THE BLOG
11/06/2012 10:25 am ET Updated Jan 23, 2014

What a Second Obama Term Will Mean for Latinos

This election year Latinos came into their own politically. Never in the history of the country have we been subject to more political attention than in 2012, a year that saw increasingly sophisticated and numerous polls of Latinos, hundreds of millions of dollars spent on reaching Latino voters on the streets, media debates and regular reports on a vote some consider determinant for winning the presidency.

In the case of Barack Obama's reelection, Latinos will (briefly) celebrate before undertaking the work of helping President Obama fulfill his commitment to the country and to Latinos. Already, Latino organizations across the country are preparing events and actions around improving the situation of the millions of immigrants living under the cloud of fear imposed by their undocumented status and by policies that many of us expect will be phased out in his second and final term. Many Latinos believe it will be truly tragic if President Obama's Latino and immigration legacy is marked by a continuation of discriminatory and devastating policies like the controversial SCOMM racial profiling program that requires local police and other law enforcement officers to racially profile and arrest people because of how they look.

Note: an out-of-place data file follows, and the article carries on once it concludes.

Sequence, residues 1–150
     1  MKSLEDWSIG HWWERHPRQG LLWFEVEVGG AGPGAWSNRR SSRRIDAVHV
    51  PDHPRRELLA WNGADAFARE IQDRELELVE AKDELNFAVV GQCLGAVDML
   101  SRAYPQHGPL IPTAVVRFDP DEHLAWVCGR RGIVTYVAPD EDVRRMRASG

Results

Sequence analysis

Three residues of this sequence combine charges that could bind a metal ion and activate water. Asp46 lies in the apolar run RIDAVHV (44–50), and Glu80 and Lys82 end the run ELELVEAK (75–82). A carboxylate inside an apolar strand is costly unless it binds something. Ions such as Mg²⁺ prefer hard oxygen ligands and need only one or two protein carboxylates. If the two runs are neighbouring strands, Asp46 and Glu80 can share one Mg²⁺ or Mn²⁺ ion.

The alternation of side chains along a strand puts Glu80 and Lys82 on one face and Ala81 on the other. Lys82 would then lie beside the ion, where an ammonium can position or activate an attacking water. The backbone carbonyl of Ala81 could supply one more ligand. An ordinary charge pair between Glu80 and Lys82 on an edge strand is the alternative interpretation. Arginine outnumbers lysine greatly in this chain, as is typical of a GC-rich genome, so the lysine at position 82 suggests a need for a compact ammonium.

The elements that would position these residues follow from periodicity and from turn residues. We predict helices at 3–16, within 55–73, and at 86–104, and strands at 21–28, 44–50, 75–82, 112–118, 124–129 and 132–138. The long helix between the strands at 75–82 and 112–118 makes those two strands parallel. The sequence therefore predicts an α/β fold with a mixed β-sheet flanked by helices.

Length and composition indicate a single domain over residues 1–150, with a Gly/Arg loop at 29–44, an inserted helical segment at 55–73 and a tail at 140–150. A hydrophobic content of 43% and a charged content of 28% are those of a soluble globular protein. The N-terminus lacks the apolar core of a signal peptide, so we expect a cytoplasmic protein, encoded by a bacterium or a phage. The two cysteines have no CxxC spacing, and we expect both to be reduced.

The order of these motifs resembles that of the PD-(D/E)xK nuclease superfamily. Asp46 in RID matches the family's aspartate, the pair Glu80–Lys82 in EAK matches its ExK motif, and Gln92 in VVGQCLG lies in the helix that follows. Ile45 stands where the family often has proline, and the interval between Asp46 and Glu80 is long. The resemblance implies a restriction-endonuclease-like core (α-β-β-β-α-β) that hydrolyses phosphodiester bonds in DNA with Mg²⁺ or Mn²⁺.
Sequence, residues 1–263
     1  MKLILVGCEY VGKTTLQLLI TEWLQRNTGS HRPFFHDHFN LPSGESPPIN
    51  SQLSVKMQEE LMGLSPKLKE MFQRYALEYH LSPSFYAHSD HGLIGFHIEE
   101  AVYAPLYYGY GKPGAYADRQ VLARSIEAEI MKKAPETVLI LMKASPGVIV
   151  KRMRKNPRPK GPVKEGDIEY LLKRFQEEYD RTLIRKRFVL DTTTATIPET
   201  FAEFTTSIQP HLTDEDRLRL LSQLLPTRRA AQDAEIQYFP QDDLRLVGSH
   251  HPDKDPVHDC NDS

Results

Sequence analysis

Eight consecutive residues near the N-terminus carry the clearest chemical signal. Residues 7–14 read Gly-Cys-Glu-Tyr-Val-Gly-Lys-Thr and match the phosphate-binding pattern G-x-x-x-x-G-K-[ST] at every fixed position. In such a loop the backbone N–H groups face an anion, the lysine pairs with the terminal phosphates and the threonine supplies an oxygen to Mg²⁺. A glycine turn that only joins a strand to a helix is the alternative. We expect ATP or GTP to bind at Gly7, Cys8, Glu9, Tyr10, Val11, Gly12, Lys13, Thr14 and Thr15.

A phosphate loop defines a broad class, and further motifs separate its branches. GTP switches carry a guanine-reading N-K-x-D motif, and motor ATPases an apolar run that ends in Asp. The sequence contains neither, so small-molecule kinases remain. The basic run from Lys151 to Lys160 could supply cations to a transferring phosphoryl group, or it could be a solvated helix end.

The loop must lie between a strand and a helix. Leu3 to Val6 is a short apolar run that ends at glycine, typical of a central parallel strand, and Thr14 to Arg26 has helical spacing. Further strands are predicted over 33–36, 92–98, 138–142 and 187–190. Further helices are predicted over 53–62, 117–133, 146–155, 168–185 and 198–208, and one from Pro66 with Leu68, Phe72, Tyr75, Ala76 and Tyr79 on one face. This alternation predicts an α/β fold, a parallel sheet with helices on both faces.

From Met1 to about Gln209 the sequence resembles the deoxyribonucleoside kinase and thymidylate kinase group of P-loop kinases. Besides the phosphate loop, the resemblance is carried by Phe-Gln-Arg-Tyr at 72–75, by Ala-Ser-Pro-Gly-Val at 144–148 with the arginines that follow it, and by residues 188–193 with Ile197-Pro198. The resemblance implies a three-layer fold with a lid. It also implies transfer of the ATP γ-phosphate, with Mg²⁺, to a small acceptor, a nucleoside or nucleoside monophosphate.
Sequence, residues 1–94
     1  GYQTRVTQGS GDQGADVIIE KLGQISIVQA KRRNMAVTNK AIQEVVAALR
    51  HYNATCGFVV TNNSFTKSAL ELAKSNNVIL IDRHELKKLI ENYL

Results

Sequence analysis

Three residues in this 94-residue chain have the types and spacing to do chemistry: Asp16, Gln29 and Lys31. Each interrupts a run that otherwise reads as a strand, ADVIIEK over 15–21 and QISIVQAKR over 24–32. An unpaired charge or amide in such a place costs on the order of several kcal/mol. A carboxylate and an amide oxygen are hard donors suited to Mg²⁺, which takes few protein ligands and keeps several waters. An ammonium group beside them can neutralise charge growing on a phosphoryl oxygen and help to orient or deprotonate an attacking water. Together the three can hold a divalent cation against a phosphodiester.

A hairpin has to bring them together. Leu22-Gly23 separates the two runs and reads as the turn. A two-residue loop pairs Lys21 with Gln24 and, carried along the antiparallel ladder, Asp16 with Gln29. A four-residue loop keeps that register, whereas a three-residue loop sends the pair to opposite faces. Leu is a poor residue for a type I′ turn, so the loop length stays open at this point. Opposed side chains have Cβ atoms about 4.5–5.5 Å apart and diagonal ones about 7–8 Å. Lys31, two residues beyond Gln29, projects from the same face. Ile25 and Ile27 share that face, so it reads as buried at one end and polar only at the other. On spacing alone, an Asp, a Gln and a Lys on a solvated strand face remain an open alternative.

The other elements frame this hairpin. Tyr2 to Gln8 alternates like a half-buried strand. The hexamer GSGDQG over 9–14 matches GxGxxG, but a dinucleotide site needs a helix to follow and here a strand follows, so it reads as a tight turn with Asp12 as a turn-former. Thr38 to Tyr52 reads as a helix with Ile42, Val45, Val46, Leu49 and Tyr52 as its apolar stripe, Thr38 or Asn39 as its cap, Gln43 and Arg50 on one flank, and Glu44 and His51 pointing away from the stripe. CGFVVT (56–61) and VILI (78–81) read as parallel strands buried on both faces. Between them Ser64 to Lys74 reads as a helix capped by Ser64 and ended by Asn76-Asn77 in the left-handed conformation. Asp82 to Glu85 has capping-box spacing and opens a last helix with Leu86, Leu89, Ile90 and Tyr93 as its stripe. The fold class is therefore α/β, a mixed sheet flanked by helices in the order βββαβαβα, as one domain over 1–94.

We are hopeful that in his second term, when he has no other reelection, that the president will be in a better position to advance a national and international agenda that represents the interests of the majority. We also hope and expect that the president will continue the positive direction on immigration reform hinted by his decision to use his executive authority to grant DREAM act eligible students temporary relief thru the Deferred Action program. Latinos supported the president in his re-election in the expectation that he will expand the use of his executive authority to provide relief to the millions of other immigrants facing a difficult situation because of programs like the SCOMM program, which many of us want the president to either fundamentally alter or abolish because of the documented pain, discrimination and fear caused by this program.

In a second term, President Obama will have an opportunity at a 'second Latino' honeymoon of sorts. With the elections behind us, the "honeymoon" will be very short as Latinos will come to the administration with very high expectations of being heard more than in the first term, when we found our concerns about immigration and other issues greeted with a friendly "Now's not a good time because of the elections." Any sign of this sad reality of governance as practiced by many Democrats (Republicans generally reject us out-of-hand) will quickly escalate the stakes.

We are, nonetheless, optimistic that President Obama will find space to hear us just as he has done during this most contested of Presidential elections. A second Obama term will, we hope, mean less a continuation of the politics of symbolism and more an expansion of the politics of substance.